COP22: Climate Change Claimed More Than 530,000 Lives in Past 20 Years, New Report Shows

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Water Journalists Africa
November 8, 2016

Africa is the continent that was hit hardest by extreme weather events in 2015.

According to the 12th edition of the Global Climate Risk Index, four out of the ten most impacted countries globally are African: Mozambique (Rank 1), Malawi (Rank 3), Ghana and Madagascar (both Rank 8).

The Global Climate Risk Index 2017 is published at the outset of this year’s climate summit in Marrakech, Morocco.

UNFCCC Executive Secretary Patricia Espinosa and COP22 President Salaheddine Mezouar addressing the opening press conference on November 6 in Bab Ighli before the official kick-off to the 22nd Conference of Parties (COP22).
UNFCCC Executive Secretary Patricia Espinosa and COP22 President Salaheddine Mezouar addressing the opening press conference on November 6 in Bab Ighli before the official kick-off to the 22nd Conference of Parties (COP22).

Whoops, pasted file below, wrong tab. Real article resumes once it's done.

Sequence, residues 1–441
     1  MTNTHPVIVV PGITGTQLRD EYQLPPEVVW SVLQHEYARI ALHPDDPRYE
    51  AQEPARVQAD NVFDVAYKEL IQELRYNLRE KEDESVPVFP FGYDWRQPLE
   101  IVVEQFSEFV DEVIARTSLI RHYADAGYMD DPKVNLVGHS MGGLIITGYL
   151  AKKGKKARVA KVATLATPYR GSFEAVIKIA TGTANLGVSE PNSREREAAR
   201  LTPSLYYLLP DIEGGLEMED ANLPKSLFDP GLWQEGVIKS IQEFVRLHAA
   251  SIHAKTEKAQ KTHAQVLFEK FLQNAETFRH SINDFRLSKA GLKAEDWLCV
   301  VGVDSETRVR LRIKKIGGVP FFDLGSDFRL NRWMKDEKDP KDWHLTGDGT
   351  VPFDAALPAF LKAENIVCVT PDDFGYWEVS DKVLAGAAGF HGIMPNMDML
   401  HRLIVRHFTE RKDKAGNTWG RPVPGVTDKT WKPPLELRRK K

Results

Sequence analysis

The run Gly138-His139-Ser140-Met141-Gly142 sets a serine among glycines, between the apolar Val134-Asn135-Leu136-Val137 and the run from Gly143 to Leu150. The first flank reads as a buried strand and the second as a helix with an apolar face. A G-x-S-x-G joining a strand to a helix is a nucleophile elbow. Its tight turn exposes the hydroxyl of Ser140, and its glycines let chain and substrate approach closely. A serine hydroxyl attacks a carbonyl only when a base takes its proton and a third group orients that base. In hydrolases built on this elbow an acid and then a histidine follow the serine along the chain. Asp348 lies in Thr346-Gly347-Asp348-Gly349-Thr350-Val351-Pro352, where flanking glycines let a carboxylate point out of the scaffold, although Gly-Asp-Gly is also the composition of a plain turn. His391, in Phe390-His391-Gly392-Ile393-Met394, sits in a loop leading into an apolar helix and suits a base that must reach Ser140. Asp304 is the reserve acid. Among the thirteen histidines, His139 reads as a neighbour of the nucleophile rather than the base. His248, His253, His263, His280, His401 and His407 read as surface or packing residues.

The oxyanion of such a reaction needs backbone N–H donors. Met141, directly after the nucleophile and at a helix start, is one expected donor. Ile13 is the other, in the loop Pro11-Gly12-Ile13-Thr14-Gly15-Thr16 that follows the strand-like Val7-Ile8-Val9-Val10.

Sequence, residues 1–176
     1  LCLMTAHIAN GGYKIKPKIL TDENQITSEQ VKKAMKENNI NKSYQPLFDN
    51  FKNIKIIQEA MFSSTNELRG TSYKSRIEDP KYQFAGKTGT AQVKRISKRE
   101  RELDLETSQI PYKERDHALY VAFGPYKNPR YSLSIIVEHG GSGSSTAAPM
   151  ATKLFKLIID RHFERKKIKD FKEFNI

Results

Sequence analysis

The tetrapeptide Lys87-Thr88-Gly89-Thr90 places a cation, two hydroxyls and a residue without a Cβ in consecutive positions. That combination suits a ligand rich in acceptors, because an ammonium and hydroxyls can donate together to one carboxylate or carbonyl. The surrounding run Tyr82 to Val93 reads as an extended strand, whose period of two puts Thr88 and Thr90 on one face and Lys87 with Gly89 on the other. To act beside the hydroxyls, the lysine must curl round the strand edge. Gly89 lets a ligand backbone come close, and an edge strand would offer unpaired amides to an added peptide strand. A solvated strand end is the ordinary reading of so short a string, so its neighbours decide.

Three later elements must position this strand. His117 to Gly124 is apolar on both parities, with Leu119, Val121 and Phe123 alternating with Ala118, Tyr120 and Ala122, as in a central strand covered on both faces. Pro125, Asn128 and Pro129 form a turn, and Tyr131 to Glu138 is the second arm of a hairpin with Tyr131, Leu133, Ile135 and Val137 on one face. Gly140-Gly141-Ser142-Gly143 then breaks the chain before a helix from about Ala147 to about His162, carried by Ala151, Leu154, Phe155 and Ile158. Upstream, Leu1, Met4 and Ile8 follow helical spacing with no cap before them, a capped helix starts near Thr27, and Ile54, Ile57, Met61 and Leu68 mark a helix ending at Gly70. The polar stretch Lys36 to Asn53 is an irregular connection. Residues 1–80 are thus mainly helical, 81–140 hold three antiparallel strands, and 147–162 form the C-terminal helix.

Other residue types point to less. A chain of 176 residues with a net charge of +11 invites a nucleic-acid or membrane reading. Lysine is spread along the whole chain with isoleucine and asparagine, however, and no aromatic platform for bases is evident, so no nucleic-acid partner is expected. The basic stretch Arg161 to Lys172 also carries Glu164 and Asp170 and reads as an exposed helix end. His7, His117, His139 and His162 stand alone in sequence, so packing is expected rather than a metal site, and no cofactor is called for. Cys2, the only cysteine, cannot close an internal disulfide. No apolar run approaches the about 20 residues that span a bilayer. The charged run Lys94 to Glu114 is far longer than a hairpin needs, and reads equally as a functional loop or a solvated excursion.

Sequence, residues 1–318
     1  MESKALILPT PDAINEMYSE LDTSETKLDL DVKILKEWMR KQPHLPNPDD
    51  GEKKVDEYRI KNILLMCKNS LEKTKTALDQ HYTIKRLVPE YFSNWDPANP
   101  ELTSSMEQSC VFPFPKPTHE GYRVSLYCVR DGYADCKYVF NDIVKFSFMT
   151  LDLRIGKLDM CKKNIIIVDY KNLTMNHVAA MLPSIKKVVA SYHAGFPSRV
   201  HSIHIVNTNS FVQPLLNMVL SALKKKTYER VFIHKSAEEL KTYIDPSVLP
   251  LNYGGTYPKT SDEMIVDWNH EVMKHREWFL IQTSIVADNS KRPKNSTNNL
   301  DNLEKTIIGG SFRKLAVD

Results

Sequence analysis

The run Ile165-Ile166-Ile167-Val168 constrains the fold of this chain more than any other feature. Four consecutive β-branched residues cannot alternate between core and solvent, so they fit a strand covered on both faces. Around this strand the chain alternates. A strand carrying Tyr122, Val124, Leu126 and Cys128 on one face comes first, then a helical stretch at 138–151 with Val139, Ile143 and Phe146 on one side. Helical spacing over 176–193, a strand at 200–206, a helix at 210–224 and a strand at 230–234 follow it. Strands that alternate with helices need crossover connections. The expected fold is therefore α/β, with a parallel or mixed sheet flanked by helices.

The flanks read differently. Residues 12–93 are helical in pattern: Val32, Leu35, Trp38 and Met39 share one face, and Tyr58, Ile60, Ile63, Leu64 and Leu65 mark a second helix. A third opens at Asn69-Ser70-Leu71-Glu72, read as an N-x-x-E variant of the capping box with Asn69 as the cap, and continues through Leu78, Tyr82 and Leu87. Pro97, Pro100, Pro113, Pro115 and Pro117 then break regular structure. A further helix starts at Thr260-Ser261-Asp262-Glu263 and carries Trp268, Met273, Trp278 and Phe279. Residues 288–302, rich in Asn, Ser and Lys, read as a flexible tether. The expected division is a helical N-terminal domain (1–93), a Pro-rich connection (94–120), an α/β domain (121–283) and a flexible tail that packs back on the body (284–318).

“Especially flooding affected the hosting continent of this year’s climate summit”, says Germanwatch’s Sönke Kreft, main author of the Index.

Heat waves claimed most lives last year. More than 4,300 deaths in India and more than 3,300 deaths in France show that both developing and developed countries are impacted by extraordinary temperatures.

Kreft: “Increases in heavy precipitation, flooding and heatwaves are to be expected in a warming world.”

People are suffering from lack of protection and insufficient disaster management especially in poor countries, says Kreft.

“The distribution of climatic events is not fair. In our 20 year analysis of weather extremes nine out of the ten most affected countries are developing countries in the ‘low’ or ‘lower-middle’ income category.
These are mostly countries with very low emissions, which are least responsible for climate change.”

The hardest hit countries in the period 1996-2015 were Honduras, Myanmar and Haiti.

From 1996 to 2015, there were more than 530,000 deaths caused by more than 11,000 extreme weather events, as well as nearly 3.3 trillion US-Dollars (in Purchasing Power Parities, PPP) in damages.

Kreft adds: “The results of the Global Climate Risk Index remind us of the importance to support resilience policy, to mitigate the negative effects of climatic events on people and countries”.

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